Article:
By trading Cooks, the Patriots accumulated assets at a time when quarterback Tom Brady turns 41 in August and tight end Rob Gronkowski appears to be on a year-to-year plan in terms of how much longer he will play.


The Patriots, who hope to sustain success as some of their star players enter the final stages of their careers, now have two first-round picks (No. 23, 31) and two second-rounders (No. 43, 63), along with a third-rounder (95), two sixth-rounders and a seventh-rounder this year.


As for their wide receiver depth chart, it is still well stocked with Julian Edelman, Chris Hogan, Phillip Dorsett, Malcolm Mitchell, Kenny Britt, Cordarrelle Patterson, Riley McCarron and Cody Hollister, although the club will miss Cooks’ blazing speed and durability, as he played 92.7 percent of the offensive snaps in the regular season and coach Bill Belichick said he never missed a practice.


Cooks had 10 catches for 155 yards in the postseason before being knocked out of the team’s Super Bowl LII loss to the Philadelphia Eagles with a concussion in the second quarter.


Analysis of the deal from the Rams point of view from Alden Gonzalez of


Les Snead, in his seventh year as the Los Angeles Rams’ general manager, had spent the entire offseason wheeling and dealing for defensive coordinator Wade Phillips, parting with Alec Ogletree and Robert Quinn, trading for Aqib Talib and Marcus Peters, signing Ndamukong Suh.


Apparently he didn’t want Sean McVay, his head coach and offensive playcaller, to feel left out.


On Tuesday afternoon, Snead acquired a new No. 1 wide receiver at a heavy price. He sent his upcoming first-round pick, No. 23 overall, to the New England Patriots in exchange for the speedy Brandin Cooks, who will replace the departed Sammy Watkins as the new “X” receiver and highly coveted vertical threat. The Rams also received a fourth-round pick, giving them three in this year’s draft, and sent away a sixth-round pick for the third time this offseason.


They don’t have a pick in the first two rounds of this year’s draft, they don’t have any real wiggle room underneath the salary cap, and they don’t have much certainty at three of their four linebacker spots. But here’s what they do have: A menacing defensive line, with Suh — scheduled to be introduced on Wednesday morning — joining Aaron Donald and Michael Brockers. A standout secondary, with Talib and Peters joining the trio of Lamarcus Joyner, John Johnson III and Nickell Robey-Coleman. And, now, an elite wide-receiver group for an offense that came alive under McVay last season.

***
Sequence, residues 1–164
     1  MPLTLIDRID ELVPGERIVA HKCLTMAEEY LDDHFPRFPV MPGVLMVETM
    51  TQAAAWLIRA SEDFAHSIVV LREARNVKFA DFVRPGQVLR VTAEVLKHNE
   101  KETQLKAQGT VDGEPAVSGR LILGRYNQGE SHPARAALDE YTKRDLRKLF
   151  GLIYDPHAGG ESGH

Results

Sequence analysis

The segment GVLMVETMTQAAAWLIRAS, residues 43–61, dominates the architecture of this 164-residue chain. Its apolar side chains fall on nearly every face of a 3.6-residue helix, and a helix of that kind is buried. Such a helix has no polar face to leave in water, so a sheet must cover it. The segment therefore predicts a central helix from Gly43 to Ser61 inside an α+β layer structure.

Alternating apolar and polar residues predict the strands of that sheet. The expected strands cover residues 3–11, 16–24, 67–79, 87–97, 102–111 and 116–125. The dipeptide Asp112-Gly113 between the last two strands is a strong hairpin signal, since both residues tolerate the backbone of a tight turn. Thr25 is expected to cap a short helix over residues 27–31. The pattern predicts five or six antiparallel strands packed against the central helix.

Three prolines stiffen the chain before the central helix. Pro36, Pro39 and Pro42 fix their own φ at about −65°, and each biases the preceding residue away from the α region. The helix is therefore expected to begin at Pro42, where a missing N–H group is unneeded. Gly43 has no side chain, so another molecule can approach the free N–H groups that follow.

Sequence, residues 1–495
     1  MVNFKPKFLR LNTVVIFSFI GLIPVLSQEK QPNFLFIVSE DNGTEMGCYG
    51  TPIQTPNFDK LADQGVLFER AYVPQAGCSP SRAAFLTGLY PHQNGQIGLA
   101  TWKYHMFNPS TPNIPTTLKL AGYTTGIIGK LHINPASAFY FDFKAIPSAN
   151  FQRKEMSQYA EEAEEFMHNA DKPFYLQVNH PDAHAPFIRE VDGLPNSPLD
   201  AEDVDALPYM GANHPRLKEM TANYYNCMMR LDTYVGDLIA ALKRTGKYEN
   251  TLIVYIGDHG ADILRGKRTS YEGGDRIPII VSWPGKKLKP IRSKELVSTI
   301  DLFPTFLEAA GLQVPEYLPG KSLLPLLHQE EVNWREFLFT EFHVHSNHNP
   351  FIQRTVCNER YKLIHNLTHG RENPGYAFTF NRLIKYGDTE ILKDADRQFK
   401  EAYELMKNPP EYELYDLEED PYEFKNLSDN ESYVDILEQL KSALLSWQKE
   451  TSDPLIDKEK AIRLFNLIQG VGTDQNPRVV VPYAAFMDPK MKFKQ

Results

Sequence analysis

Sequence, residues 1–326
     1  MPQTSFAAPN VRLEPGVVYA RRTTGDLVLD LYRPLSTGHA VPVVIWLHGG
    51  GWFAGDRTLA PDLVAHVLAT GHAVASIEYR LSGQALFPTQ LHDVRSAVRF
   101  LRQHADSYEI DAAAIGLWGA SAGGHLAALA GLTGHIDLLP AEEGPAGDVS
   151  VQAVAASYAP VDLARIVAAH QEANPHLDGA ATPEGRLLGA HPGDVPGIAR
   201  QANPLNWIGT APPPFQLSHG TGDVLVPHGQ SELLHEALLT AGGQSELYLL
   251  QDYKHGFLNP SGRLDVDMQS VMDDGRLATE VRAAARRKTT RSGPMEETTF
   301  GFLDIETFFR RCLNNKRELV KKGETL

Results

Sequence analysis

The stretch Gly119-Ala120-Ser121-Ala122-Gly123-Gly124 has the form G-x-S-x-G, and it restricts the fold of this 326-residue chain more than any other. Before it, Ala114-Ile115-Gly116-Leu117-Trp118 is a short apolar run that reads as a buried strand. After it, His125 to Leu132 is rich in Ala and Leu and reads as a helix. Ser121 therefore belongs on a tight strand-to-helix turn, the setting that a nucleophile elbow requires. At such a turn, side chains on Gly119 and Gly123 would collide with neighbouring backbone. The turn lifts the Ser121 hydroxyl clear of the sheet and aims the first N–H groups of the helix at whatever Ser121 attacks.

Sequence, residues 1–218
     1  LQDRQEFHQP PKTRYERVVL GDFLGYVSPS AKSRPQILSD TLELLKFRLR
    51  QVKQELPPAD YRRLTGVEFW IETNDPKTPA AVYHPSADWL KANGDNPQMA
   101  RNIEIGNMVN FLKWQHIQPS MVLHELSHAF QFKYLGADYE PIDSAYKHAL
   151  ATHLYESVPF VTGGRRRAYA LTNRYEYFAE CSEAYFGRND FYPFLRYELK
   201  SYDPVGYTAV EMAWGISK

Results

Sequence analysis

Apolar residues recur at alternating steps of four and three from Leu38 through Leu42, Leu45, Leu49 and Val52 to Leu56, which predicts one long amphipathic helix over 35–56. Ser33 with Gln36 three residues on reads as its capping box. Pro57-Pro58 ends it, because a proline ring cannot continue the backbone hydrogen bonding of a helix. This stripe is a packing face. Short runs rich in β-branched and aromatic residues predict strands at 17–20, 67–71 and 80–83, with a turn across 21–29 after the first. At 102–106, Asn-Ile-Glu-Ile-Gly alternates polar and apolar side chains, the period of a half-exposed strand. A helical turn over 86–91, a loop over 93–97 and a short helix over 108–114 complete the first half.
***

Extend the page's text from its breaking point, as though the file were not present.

Cooks will play a similar role to Watkins, stretching the field vertically to free up the likes of Robert Woods, Cooper Kupp and Todd Gurley. But he’s faster, younger and more productive than Watkins. He isn’t as dynamic as Odell Beckham Jr., the mercurial New York Giants star the Rams were recently linked to, but he also doesn’t bring any of the baggage.


Cooks represents the third player at the end of his rookie contract that the Rams have traded for in a span of eight months, after Watkins and Peters. In those deals, the Rams gave up this year’s first- and second-round pick and next year’s second-round pick, their intentions crystal clear: They’ll try to build a dominant team now and worry about the rest later.


Cooks, 24, is represented by Ryan Tollner of Rep1 Sports, the same agent as the Rams’ franchise quarterback, Jared Goff. The connection gives the Rams confidence that they can sign Cooks long term, but it’s Goff’s timeline that even makes this possible.


The Rams are a contending team getting great value at the most important position, which frees up their ability to be so aggressive elsewhere.


Goff will cost about $16.5 million toward the salary cap over the next two seasons, then will be on his fifth-year option in 2020. Before then, the Rams will look to extend Donald and Cooks, and potentially Gurley and Peters. It’ll make for some tricky salary-cap maneuvering. But the Rams are currently projected to have roughly $250 million in salary-cap space going into the next two offseasons, more so than any other team.


Cooks, now traded for a first-round pick twice in less than 13 months, has totaled 227 receptions for 3,393 yards and 24 touchdowns with the Patriots and the New Orleans Saints over the past three years, ranking 15th in the NFL in yards per catch during that time. He is one of four players to record at least three seasons of 1,000 receiving yards and seven touchdowns before his 25th birthday, joining Randy Moss, John Jefferson and Beckham. The only other player with at least 1,000 receiving yards and seven touchdowns in each of the last three seasons is Pittsburgh Steelers superstar Antonio Brown, according to ESPN Stats & Info.